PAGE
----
Wednesday, February 13, 2008

Here We Go Again

The first charges finally have come down relating to the terrorist attacks of Sept. 11, 2001, and the U.S. is seeking the death penalty against six men held in Guantanamo Bay, including the alleged mastermind of the plot, Khalid Sheikh Mohammed. The government has had years to build its case; the defense teams have yet to be chosen. But the government still hasn’t figured out what laws apply to Guantanamo and what do not. There hasn’t been a U.S. military execution since 1961; the Pentagon has only one lawyer on its military commissions team qualified to prosecute a death penalty case; and several of the suspects have been interrogated under what might or might not have been torture, even by U.S. standards.

The process, started under George W. Bush, and arranged by his administration, won’t be finished until his successor is in office. Does all this begin to sound familiar?

You’ve got “George W. Bush,” “Guantanamo” and “waterboarding” in the same sentence. That sound you hear is heads exploding all across the European elite class. The U.S. government, showing its tenacity in learning nothing, has instructed its officials abroad to defend the trials in part by reference to the Nuremberg Trials, a horrible example of both victors’ justice and subjecting military men to retroactive laws and international tribunals — hell, the Soviets had a seat on the judges' bench.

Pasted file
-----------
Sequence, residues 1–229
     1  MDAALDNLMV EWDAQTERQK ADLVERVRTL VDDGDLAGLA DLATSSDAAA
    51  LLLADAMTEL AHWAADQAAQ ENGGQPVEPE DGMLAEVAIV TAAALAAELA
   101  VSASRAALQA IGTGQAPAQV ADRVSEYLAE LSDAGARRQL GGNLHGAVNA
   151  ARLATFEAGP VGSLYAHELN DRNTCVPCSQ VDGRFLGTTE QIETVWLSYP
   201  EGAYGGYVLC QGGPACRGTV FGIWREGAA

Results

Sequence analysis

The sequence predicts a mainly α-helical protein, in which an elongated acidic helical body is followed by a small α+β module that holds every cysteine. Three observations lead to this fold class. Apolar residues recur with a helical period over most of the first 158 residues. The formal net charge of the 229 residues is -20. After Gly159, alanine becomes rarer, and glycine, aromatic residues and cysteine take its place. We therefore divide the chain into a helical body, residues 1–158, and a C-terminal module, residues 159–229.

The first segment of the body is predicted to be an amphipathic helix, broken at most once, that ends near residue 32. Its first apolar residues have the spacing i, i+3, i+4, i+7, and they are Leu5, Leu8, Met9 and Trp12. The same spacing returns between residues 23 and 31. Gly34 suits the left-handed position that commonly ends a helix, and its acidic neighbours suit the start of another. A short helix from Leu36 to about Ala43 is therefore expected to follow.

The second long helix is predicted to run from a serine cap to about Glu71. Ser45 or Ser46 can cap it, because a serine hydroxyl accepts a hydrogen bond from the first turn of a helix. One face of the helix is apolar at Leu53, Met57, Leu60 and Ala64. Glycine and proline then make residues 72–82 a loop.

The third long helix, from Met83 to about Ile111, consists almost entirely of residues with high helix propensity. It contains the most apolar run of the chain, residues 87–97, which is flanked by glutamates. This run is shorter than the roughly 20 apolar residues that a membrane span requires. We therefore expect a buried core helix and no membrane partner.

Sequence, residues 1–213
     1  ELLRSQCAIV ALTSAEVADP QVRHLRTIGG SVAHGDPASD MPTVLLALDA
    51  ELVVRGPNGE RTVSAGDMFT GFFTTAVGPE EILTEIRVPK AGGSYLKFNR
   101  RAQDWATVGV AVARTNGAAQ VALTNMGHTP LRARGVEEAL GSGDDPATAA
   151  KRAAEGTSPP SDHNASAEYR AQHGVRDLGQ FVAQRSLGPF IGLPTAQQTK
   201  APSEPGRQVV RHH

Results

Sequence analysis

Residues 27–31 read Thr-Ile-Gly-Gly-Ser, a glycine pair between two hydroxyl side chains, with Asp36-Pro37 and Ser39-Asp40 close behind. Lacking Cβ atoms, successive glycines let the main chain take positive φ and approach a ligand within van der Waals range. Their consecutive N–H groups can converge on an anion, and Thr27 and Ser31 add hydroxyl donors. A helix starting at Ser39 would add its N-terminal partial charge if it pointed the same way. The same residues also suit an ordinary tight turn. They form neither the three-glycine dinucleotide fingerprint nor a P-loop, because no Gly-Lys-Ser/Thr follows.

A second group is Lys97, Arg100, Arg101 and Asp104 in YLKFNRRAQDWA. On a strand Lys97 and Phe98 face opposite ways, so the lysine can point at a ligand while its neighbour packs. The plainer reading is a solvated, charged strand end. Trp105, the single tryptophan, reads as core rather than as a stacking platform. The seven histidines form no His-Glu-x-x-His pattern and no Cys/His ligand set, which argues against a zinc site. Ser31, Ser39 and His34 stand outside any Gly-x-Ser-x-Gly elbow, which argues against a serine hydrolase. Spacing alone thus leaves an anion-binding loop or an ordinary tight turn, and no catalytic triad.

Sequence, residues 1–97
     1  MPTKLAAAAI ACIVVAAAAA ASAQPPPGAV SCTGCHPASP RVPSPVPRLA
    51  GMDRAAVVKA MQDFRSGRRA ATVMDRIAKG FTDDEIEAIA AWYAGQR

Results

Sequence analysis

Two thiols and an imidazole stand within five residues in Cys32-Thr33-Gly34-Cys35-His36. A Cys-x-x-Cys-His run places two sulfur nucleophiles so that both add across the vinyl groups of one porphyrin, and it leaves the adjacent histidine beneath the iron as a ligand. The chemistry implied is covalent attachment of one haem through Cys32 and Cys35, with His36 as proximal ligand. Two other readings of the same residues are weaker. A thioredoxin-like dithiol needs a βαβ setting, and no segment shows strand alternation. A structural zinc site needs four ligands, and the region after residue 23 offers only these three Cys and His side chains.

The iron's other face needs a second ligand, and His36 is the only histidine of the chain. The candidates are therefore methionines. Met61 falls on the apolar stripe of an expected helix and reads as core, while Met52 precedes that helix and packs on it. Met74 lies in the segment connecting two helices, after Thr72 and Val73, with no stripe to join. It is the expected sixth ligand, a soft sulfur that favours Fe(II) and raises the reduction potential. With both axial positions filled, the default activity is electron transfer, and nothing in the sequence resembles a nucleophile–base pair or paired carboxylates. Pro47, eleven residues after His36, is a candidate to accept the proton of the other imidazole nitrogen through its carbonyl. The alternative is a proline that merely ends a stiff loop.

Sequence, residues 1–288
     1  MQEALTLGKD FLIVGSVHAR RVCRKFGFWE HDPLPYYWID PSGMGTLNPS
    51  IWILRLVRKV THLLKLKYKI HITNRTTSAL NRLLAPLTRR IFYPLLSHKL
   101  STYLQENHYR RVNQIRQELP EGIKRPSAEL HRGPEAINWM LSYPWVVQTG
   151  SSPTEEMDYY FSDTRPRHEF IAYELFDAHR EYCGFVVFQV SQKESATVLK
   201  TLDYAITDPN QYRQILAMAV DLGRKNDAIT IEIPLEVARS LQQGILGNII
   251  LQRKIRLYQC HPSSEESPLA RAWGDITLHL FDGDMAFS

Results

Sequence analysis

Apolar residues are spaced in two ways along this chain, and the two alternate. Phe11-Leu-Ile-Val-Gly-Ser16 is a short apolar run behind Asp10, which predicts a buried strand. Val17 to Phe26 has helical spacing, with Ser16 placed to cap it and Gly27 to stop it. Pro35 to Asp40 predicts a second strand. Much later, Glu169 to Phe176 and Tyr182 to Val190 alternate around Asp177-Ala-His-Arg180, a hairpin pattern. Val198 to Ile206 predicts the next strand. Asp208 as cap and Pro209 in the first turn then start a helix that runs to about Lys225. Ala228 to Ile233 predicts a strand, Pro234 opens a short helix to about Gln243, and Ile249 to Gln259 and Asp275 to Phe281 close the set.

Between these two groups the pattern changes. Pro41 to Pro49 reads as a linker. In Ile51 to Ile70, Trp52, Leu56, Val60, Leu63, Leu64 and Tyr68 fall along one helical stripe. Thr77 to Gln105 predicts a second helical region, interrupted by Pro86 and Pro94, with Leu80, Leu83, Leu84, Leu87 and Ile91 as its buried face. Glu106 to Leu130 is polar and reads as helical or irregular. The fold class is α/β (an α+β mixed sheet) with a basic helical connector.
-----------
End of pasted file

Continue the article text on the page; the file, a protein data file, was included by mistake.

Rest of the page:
Among the new laws that have come into play since 1961 is one from 2006 that allows the secretary of the army to authorize the location of a military execution (formerly they had to be done at Fort Leavenworth in Kansas). He could choose Guantanamo as an execution site and thus remove the condemned men from the appeals system. That’s just one of the possible permutations.

It would frustrate a great many Americans if these hateful thugs escaped the death penalty because our own government bungled its case. That could happen here. But a worse frustration would be to see the criminals executed without the fullest and fairest trial we can extend to them. It would besmirch our national virtues and confirm the slander of generations of anti-Americans, both at home and abroad.

There is another consideration to bear in mind. As one observer has said of the Sept. 11 suspects, “They want to be martyrs. If we execute them, we fulfill their greatest wish. This is a long process of them getting what they want, and that makes us all less safe.” And what might be a fitting punishment for such men? Let them live to see their dogma fail and their cause kicked to history’s curb.